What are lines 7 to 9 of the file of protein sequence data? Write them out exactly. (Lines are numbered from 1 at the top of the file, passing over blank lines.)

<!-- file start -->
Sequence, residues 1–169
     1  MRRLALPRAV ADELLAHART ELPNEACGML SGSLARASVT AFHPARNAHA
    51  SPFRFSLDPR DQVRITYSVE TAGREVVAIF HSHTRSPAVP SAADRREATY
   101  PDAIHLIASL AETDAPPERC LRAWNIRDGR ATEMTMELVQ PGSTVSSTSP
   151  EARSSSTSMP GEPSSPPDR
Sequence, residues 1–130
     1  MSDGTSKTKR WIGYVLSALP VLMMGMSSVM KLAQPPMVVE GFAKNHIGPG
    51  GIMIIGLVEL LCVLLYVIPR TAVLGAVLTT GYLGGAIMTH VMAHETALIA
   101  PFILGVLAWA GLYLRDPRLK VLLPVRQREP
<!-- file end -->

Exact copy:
     1  MSDGTSKTKR WIGYVLSALP VLMMGMSSVM KLAQPPMVVE GFAKNHIGPG
    51  GIMIIGLVEL LCVLLYVIPR TAVLGAVLTT GYLGGAIMTH VMAHETALIA
   101  PFILGVLAWA GLYLRDPRLK VLLPVRQREP